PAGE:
That "easy fix" thing you mentioned...any idea where I can find one?
Is this not directly analogous to software written (or tested) on the taxpayer dime? If there's a market for lesson plans, there's a market. A teacher should be free to make a profit off his or her ingenuity and/or hard work while at the same time increasing the efficiency of quality lesson distribution. A teacher shouldn't be free, however, to block redistribution of a lesson plan once sold. In other words, no restrictive copyrights, patents, timebombs, or whatever. For some reason, the emotions surrounding teacher pay, workload, respect, etc. seem to be clouding this particular issue.
'A major point of the article is that many of the key (and repeatedly published) 'facts' about the bomb are quite wrong.'
Indeed. The article is a bit of a curveball in that you go in thinking it's yet another scare piece about sub-sovereign amateurs building nuclear devices in the garage only to find out its really the story of one man's obsessive attempt to cut through the mythology and determine the *exact* specifications of the Little Boy device. Recommended reading for anyone who has ever felt himself go a little nutso at the vast amount of extinct technological knowhow in our post-industrial culture.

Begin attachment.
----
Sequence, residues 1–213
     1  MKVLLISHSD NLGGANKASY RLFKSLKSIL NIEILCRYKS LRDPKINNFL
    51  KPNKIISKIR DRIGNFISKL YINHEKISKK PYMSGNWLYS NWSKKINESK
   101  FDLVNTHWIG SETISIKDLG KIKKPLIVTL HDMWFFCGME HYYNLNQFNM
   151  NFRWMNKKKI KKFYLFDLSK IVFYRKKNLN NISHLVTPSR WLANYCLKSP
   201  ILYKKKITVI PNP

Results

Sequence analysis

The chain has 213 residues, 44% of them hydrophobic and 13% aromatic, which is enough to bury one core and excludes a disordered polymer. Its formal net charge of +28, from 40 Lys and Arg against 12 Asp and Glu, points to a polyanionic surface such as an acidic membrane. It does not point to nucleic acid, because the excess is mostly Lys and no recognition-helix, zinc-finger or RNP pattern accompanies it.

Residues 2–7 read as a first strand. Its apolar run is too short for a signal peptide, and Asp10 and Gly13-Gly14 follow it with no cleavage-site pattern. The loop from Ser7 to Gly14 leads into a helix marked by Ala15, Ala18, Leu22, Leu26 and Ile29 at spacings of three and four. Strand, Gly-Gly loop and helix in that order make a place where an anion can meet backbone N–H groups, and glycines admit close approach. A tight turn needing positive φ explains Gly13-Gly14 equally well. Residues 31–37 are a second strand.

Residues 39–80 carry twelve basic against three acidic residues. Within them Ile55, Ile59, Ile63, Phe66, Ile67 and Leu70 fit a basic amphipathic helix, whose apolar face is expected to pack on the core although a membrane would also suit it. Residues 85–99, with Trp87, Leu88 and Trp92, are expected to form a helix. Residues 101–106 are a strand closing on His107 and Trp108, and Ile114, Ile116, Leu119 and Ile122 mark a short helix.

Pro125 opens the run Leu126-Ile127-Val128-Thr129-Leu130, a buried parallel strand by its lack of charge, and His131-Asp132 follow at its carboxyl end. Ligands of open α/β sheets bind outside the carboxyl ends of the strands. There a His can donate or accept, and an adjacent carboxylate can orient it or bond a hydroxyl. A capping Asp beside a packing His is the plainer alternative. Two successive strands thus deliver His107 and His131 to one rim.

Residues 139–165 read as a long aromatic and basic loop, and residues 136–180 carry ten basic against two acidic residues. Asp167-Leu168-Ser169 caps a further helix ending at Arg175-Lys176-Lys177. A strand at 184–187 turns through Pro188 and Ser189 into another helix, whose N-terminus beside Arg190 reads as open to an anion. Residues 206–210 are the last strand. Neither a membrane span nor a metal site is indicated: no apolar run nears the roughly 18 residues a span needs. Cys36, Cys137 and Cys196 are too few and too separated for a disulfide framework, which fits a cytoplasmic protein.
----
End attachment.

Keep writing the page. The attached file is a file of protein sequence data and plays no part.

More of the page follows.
Not only is UNIX dead, it's starting to smell really bad. -- Rob Pike